An NHS inquiry is to be held into how a former care home manager in Somerset was able to siphon off prescription drugs from the elderly people she nursed, the BBC can reveal.
Rachel Baker, 44, was sentenced to 10 years in prison in May for the manslaughter of 97-year-old Lucy Cox with a lethal dose of painkillers at the Parkfields Residential Care Home, in Butleigh, Somerset.
But her imprisonment does not go far enough for those who claim a number of other residents who died at the home were also killed. They want an independent inquiry and their MP, Tessa Munt, has agreed to help them.
Baker had been addicted to the very painkilling drugs she was supposed to be giving to her residents. During her trial, it emerged she fabricated terminal conditions and exaggerated symptoms of her residents in order to feed her habit.
At one stage, police were investigating up to 12 suspicious deaths in an inquiry which saw them exhume the bodies of former Parkfields residents Nellie Pickford, Marion Alder and Fred Green.
But in the end, no murder charges were pursued from the exhumations. As the bodies had been in the ground so long, there was no clear evidence of how they died.
But some relatives of residents who were looked after by Baker are now asking whether their loved ones would still be alive today if they had been sent elsewhere.
NHS Somerset is undertaking a review to identify any lessons that could be learnt from Baker's case.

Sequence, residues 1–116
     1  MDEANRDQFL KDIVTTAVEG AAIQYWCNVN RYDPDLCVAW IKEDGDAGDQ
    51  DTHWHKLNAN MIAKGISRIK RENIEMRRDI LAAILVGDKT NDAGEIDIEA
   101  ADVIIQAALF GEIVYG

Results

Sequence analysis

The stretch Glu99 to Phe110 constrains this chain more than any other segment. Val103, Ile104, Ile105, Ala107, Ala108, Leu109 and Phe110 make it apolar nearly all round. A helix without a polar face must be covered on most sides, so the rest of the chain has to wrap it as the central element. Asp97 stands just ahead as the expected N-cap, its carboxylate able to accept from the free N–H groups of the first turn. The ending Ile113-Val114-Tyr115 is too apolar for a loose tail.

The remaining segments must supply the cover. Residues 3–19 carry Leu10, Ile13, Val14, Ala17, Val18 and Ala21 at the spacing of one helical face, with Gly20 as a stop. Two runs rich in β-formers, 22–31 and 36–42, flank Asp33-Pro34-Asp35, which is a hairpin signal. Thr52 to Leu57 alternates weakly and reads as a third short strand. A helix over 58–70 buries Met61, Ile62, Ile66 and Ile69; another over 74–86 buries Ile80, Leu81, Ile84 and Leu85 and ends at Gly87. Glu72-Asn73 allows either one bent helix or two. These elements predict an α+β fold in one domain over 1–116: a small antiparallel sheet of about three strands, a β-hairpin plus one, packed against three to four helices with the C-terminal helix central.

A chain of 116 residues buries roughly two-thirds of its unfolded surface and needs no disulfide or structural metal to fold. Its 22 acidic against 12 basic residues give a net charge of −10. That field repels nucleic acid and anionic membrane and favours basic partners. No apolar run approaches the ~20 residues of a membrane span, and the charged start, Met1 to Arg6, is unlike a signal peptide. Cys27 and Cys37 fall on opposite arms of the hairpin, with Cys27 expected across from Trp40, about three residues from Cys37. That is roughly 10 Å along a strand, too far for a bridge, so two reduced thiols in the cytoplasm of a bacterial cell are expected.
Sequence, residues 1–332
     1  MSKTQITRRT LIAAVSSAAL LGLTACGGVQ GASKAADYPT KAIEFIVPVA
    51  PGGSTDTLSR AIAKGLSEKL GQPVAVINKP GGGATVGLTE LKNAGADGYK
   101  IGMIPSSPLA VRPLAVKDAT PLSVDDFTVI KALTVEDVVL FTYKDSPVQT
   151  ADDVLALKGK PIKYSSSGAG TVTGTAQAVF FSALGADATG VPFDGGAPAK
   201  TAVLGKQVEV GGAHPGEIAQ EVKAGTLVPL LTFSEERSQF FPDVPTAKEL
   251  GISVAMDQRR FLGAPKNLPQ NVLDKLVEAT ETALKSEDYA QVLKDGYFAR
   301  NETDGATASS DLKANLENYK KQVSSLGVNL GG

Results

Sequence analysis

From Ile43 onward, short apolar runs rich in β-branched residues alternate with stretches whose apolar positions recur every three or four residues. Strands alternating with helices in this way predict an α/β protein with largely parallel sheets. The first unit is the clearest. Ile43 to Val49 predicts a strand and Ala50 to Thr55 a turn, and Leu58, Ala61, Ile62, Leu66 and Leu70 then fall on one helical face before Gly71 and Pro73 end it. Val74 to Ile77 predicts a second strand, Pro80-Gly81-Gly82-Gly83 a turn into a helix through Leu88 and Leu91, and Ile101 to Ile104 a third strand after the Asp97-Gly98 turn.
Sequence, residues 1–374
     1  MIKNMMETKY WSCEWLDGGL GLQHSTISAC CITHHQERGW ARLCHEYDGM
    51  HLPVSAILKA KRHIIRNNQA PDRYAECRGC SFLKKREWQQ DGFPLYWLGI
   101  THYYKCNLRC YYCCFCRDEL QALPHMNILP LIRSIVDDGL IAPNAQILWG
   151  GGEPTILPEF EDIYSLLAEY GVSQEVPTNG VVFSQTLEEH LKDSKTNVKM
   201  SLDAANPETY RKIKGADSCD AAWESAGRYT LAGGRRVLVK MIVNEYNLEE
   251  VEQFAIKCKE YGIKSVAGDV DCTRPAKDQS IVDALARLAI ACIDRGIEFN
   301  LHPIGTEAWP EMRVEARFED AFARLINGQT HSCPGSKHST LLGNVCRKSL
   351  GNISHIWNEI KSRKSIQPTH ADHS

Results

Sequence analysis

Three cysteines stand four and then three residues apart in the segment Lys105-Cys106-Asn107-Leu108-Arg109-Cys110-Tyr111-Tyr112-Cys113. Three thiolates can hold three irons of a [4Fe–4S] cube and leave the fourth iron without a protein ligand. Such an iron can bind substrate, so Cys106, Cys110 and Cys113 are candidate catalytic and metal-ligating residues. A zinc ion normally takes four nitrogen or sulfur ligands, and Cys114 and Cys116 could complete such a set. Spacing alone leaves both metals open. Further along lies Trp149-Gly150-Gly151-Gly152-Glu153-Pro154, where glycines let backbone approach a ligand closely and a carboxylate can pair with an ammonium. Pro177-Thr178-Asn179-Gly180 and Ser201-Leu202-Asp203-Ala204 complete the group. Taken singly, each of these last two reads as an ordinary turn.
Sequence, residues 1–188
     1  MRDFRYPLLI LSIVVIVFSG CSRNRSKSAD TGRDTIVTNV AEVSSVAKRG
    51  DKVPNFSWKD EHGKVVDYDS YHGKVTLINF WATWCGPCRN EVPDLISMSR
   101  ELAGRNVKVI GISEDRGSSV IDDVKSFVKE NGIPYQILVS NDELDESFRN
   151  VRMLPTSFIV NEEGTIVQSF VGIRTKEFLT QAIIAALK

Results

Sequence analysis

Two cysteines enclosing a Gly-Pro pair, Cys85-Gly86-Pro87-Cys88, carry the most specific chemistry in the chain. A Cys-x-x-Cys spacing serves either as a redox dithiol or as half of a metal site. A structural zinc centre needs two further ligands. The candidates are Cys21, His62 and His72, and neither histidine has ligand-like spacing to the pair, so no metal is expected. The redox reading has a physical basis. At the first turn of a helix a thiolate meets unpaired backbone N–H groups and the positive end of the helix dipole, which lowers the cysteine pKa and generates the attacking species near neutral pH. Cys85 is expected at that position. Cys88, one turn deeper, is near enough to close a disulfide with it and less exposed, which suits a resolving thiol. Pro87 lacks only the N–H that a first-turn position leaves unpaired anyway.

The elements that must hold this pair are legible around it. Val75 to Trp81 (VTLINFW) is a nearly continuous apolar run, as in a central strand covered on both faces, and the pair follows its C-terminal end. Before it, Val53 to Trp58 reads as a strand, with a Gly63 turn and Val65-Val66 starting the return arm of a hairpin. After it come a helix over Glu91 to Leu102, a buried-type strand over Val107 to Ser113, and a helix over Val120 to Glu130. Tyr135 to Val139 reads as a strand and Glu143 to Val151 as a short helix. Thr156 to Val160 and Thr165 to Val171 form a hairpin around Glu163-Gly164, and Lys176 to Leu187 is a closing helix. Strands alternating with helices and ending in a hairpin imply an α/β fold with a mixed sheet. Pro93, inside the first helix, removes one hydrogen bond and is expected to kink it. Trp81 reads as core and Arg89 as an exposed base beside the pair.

The review will involve meetings with the police officers who gathered evidence and consideration of the issues raised by the trial about the home's general practice.
And it will investigate how Dr Richard Hughes - the main GP for both Rachel Baker and her residents - prescribed powerful painkillers on her say-so alone.
The review will also look into why Dr Hughes continued to give Baker drugs for her residents for several months after colleagues recognised her addiction and said they should no longer prescribe the nurse painkillers for her own use.
Director of nursing and patient safety for NHS Somerset, Mary Monnington, will be carrying out the review.
She said: "I think the view among the GPs generally was that having withdrawn the medication, which appeared to be leading to a degree of dependency, they had resolved the problem of dependency in Rachel Baker.
"In terms of prescriptions for individual patients, this was a practice that had taken place at the home without any undue problems over a period of eight or nine years preceding this and I think the GPs believed that they were dealing with a professional whose problem was now resolved."
NHS Somerset has pointed out that the judge did not criticise any GPs in his summing up at Baker's trial.
While some families have welcomed the review, they say it is not enough.
The daughter of 79-year-old Marion Alder has met with Ms Munt to call for a public inquiry.
Claire Forsey, 49, said her mother had been denied the drugs she was prescribed to treat her severe anxiety disorder because Baker was taking them.
"She took their drugs and left them, in my mother's case, making her so anxious that it was just tortuous.
"For the last six months of her life she was like a frightened rabbit caught in headlights and bewildered by what was going on."
The former carer at the home who blew the whistle on the scandal, Sarah Barnett, is delighted Ms Munt has offered to help in pushing for an independent public inquiry.
Mrs Barnett, 40, said: "Independent scrutiny is obviously safer and having more public awareness... into governing bodies, or the situation, is a safer process and ensures more accountability."
However she called for the inquiry to also examine the role of other agencies, such as the care home inspectors.
Ms Munt said she wanted to work with the families to "make sure that we sort out some of the issues that we have identified so that we can make things better for everybody else".